Sunday, August 2, 2009

A Tree Grew in Brooklyn

Well, Queens actually... and just beyond my backyard to be exact.

(Warning: navel-gazing post ahead)

When people die we morn their loss. Roman Catholics organize wakes and funeral masses to mark a passing; the Jews sit Shiva to similarly pay their respects. Even when an animal or a pet passes on folks sometimes pay tribute in various ways but when something like a tree
- arguably just as much a miraculous, living entity - meets its demise no one really takes much notice, do they?

One morning bright and early this week my wife and I were woken by the dulcet tones of buzzing chainsaws. Lifting the blinds and shaking off my sleepy fog, I realized that my neighbors across the way (whom I don't know) had hired a very adept team of tree killers who were unceremoniously chopping down the beautiful, healthy tree that sat at the edge of my neighbors' property. The Mrs. and I were shocked and saddened as we watched this example of nature's exquisite and patiently crafted handiwork decapitated and extinguished within a matter of minutes. Although this technically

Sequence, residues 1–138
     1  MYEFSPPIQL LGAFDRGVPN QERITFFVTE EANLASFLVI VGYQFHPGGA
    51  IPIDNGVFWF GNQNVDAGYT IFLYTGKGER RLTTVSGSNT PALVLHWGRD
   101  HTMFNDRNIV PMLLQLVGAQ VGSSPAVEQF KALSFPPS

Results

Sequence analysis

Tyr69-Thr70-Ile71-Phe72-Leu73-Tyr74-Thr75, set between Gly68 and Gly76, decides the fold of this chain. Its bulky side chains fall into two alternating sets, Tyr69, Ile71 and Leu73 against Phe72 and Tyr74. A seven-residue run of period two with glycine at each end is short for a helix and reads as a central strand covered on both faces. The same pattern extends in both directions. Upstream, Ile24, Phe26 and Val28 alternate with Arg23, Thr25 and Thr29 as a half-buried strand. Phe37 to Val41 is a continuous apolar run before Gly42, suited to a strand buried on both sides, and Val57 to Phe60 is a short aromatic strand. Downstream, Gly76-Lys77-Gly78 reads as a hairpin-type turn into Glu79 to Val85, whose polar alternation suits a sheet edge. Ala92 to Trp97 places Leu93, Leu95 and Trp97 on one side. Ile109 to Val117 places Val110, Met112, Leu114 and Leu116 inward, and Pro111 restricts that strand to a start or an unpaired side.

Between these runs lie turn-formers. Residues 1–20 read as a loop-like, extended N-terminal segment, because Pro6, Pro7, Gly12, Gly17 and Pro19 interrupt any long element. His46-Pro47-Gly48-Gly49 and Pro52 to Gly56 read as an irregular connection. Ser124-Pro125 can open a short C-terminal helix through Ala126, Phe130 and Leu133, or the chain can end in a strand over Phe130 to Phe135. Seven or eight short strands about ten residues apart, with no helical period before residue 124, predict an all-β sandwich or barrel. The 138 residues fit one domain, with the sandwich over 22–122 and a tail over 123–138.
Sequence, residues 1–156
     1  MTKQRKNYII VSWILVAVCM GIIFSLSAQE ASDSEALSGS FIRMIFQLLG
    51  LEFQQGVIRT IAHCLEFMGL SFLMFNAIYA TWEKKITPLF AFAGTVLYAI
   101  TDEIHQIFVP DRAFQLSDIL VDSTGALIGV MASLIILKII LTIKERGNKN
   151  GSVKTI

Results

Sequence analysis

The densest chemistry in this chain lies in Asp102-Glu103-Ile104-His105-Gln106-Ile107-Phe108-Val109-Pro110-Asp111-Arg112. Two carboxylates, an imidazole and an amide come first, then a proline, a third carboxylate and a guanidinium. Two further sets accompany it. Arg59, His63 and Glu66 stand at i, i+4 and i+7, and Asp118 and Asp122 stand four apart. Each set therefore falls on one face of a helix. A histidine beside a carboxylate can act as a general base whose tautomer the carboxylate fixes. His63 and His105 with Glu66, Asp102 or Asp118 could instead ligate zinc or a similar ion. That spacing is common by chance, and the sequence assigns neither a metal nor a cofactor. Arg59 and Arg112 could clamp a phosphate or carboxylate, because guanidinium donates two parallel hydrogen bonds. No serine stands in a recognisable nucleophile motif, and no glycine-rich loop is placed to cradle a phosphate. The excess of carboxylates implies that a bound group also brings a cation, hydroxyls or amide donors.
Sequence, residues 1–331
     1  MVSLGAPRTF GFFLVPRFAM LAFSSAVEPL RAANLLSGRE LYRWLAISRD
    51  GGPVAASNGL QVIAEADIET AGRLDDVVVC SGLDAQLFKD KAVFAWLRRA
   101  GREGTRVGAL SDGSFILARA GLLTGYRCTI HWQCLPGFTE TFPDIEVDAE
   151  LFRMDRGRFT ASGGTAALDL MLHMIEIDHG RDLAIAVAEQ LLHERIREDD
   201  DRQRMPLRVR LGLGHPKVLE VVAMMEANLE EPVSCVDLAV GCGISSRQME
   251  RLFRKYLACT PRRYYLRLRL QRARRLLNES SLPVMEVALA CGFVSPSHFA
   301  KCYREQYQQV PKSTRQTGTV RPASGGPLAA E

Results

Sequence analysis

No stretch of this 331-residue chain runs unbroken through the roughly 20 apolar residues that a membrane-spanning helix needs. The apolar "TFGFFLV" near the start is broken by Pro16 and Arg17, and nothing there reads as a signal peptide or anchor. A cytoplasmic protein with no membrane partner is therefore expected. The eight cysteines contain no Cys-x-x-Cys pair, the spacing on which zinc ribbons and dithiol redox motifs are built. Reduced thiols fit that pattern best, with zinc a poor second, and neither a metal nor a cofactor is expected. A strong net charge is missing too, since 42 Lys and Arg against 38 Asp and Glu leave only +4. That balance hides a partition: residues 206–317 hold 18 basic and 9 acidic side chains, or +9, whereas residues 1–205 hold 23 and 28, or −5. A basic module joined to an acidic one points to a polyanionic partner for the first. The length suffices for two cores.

wasn't "our" tree we had both grown accustom to its stately presence; it masked a majority of our concrete surroundings, bloomed with the most amazingly vibrant white-pink flowers in the spring (a cherry blossom tree?) and could be seen from our bedroom and kitchen windows in a flurry of said white-pink, green or red depending upon the season.

A few hours after the execution
I couldn't help but assess the damage up close, paying my respects to what little remained of this silently beautiful old giant. As I stepped into the alleyway behind my yard, I was surprisingly met with my lurking neighbor's unprompted, almost guilty explanation - "We had no choice, it was pushing on the fence". I said nothing and walked back inside after taking a quick look at the dilapidated, ancient and weathered-beyond-repair fence in question. A decrepit, inanimate possession obviously invaluable to this pavement loving patron of urban decay.

As those personally acquainted with me know, I'm not much of a nature lover; pretty much a city boy born and bred and maybe I'm becoming lamely sentimental in my old age (having a kid will do that to you) but today as I stare out my window at a paint-peeled, worn fence starkly illuminated by the late-afternoon sun, I can't help but notice the void and morn the loss of our pink and white homeB.

Godspeed the tree.

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